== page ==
A Washington ER Doctor Was Allegedly Terminated After Publicly Criticizing His Hospital for Not Protecting Its Staff




 

An emergency room physician in Washington state who had publicly criticized his workplace, PeaceHealth St. Joseph Medical Center, for not doing enough to protect its workers from coronavirus, now claims he has been let go from his role at the hospital.

Ming Lin, an emergency room physician in Bellingham, Wash., had regularly posted on Facebook concerns he has about the safety of the hospital's staff as it works during the global COVID-19 pandemic. The Seattle Times reports that he has become something of a "a local cause célèbre" because of his repeated requests for more medical supplies and more protective measures for health care workers.

In Facebook posts over the past couple weeks, Lin has argued that the St. Joseph Medical Center had not done enough to keep up with the influx of coronavirus patients as the crisis has ramped up throughout the country. As of Sunday morning Eastern Time, Washington state has at least 4,312 confirmed cases of coronavirus, and at least 189 confirmed deaths, according to a tracker by Johns Hopkins University.

In separate posts, Lin alleged that potential COVID-19 patients have been kept in waiting rooms without masks and nurses have not been given enough protective equipment. He has also argued that the hospital needs to push for more availability of COVID-19 testing.

On Friday, Lin posted on Facebook, "I want to thank everybody for all their support. Unfortunately I have been terminated from PeaceHealth by my employer Teamhealth." He had worked there for 17 years, according to the Times.

When asked for comment, a spokesperson for TeamHealth, the firm that contracts with the hospital's emergency department, said in a statement to TIME, "This is a very difficult and challenging time for everyone, especially those who are involved in caring for patients. TeamHealth values the hard work of our doctors, who are doing heroic work on the front lines of the pandemic. We all share a common goal - providing high quality care to patients while maintaining the safety and well-being of our doctors."

The spokesperson added that Lin "has not been terminated by TeamHealth and we are committed to engaging with him to try to find a path forward. Now more than ever, we need every available doctor, and we will work with Dr. Lin to find the right location for him."

During a press call Saturday afternoon, when TIME asked if PeaceHealth could confirm that Lin's contract with the hospital had been terminated even though he's still employed by TeamHealth, Charles Prosper, the chief executive of the PeaceHealth Northwest network said, "So we have a contract with TeamHealth. TeamHealth determines the physicians that it provides to our hospital. So I can't speak to any more specifics about what TeamHealth may have said to you."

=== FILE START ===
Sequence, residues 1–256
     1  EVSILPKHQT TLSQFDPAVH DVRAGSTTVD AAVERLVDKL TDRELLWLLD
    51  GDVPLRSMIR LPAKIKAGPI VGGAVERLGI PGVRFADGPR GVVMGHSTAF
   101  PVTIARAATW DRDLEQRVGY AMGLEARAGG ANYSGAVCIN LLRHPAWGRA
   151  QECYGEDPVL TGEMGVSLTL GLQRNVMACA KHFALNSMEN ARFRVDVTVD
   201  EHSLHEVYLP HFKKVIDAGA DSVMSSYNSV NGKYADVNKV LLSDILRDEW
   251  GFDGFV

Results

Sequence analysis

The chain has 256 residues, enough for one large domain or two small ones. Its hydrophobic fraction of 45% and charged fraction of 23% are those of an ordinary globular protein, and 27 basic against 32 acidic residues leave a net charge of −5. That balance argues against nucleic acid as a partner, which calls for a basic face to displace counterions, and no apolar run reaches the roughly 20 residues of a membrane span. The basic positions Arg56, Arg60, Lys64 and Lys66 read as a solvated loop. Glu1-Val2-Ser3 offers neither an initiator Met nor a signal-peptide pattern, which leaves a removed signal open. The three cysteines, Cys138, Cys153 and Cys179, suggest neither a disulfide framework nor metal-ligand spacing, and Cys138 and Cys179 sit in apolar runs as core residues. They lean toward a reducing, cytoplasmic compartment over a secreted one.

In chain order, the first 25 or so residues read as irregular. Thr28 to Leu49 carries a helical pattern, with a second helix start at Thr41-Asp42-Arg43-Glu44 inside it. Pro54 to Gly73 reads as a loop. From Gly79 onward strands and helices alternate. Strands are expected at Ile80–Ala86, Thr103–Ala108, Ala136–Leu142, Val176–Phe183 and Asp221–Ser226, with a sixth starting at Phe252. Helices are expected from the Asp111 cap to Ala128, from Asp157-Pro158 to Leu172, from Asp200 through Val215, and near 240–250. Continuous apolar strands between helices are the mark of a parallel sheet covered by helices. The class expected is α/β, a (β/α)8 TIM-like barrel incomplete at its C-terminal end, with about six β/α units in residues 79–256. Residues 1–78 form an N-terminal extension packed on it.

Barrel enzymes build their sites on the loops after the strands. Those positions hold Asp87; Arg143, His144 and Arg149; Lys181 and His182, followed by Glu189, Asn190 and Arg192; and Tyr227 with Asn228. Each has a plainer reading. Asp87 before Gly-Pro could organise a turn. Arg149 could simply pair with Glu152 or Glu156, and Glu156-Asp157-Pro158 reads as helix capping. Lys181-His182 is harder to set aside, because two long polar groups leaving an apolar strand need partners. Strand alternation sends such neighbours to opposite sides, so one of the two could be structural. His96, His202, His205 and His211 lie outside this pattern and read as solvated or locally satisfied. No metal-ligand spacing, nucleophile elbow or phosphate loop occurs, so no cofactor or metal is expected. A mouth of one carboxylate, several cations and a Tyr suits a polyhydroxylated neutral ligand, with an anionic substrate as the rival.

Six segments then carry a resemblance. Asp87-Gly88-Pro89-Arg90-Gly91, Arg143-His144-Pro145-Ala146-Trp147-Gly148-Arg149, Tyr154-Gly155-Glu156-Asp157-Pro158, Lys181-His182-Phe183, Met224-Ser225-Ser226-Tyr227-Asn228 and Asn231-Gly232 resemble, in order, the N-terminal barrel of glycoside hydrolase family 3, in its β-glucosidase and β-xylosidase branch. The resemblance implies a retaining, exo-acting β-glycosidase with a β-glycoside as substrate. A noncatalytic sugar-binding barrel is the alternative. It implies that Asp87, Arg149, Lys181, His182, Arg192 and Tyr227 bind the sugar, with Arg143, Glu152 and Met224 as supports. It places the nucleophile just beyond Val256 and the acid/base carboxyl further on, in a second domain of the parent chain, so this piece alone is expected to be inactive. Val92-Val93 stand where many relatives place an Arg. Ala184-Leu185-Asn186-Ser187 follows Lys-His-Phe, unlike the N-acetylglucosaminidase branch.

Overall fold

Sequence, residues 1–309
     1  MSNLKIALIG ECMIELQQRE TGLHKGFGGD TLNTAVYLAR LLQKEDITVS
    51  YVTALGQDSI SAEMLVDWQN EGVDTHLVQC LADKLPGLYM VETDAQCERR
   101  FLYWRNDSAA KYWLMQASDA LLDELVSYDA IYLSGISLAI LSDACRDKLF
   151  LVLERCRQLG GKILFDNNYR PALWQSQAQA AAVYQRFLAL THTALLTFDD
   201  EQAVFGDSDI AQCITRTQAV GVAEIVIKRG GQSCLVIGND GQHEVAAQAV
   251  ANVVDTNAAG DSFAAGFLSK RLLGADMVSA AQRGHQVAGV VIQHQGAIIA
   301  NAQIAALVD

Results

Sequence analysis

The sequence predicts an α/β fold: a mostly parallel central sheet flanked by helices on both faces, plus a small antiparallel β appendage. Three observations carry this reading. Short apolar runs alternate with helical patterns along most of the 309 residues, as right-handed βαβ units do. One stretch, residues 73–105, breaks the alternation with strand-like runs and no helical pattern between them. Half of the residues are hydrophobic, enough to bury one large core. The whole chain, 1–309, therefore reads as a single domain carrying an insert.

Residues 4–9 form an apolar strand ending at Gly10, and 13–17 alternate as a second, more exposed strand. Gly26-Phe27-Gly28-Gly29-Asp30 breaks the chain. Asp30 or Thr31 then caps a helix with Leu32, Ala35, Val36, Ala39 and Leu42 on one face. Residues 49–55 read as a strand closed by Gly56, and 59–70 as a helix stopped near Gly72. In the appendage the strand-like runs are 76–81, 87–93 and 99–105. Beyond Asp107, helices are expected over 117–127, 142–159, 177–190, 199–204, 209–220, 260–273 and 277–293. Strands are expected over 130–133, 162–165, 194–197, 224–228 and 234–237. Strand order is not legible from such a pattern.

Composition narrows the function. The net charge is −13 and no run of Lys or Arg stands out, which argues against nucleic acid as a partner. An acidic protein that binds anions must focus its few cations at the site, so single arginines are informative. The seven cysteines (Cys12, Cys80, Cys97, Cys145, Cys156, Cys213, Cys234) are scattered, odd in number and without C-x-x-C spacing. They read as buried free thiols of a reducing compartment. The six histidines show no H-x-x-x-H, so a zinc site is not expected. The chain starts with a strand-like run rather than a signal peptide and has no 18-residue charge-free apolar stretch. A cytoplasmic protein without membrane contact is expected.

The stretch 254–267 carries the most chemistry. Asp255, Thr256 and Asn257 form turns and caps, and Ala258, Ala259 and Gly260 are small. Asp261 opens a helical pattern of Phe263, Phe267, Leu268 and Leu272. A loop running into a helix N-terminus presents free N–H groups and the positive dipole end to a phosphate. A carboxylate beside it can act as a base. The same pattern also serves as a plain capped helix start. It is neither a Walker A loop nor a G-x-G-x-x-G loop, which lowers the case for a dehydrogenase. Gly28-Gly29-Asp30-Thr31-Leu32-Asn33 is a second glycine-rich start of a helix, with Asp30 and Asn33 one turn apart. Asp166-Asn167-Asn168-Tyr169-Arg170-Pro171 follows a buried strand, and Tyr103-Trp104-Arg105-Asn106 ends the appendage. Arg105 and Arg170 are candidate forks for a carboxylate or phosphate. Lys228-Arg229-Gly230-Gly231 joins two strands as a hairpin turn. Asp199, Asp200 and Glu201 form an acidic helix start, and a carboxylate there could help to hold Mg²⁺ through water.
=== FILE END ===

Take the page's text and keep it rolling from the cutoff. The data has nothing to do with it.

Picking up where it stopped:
Lin did not respond to TIME's request for comment.

A Youtube video that Lin shared on his Facebook said that Lin received a text on Friday from Dr. Ralph Baine at TeamHealth that said, "You need not show up to work, your shift has been covered." The video added that "shortly after, [Lin's] termination was confirmed by his director."

This week, PeaceHealth announced more protective measures for its patients and staff. On March 23, it announced temperature checks would be instituted at all hospital and clinic entrances and that it would suspend all elective surgeries until further notice.

In a March 25 article in The Bellingham Herald, Prosper said the hospital had "adequate" staff and supplies to fight COVID-19.

In response, Lin posted on Facebook on March 26, "SHAME ON PEACEHEALTH," and wrote that "reliable sources" have told him that the operating room was only allocating one surgical mask a day to staff.

The Times reports that Lin said his supervisors threatened his employment after he first began publicly speaking out against the hospital, and that he was told to take down his social media posts, which he refused.

According to The Bellingham Herald, "several" members of the hospital's staff have been diagnosed with COVID-19. However, The Herald reports that the hospital maintains that none of those staff members were exposed to the virus through their work with patients.

"I don't really feel they fully comprehend the potential damage to health care workers," Lin said in the YouTube video posted on Friday. In the video, he urged the hospital to make every patient and staff member wear a mask, because "every patient is potential COVID until proven otherwise." He also called for a quarantine room, and asked that the triage of potential coronavirus patients be moved to a separate area.

On the Saturday press call, PeaceHealth shared more steps it was taking to protect its staff. Hospital leaders said they would utilize more local labs for testing and said the hospital was taking steps to decrease ER volume to prepare for the coming surge of COVID-19 patients. The hospital also said it was making sure all patients with COVID-19 symptoms are wearing masks and that they're being "fast tracked" through a designated area. The hospital said it has a tent to treat potential COVID-19 patients but has not yet needed to use it.

PeaceHealth St. Joseph is the only emergency facility for around 250,000 people in the Northwest of Washington state, according to the Times.

"Where is the place that has the most highest concentration of COVID? [That's] the hospital," Lin said in the video posted on Friday. "We are sitting on COVID patients, and we're not protecting ourselves. And as a result we are spreading [germs] to our family, our community."

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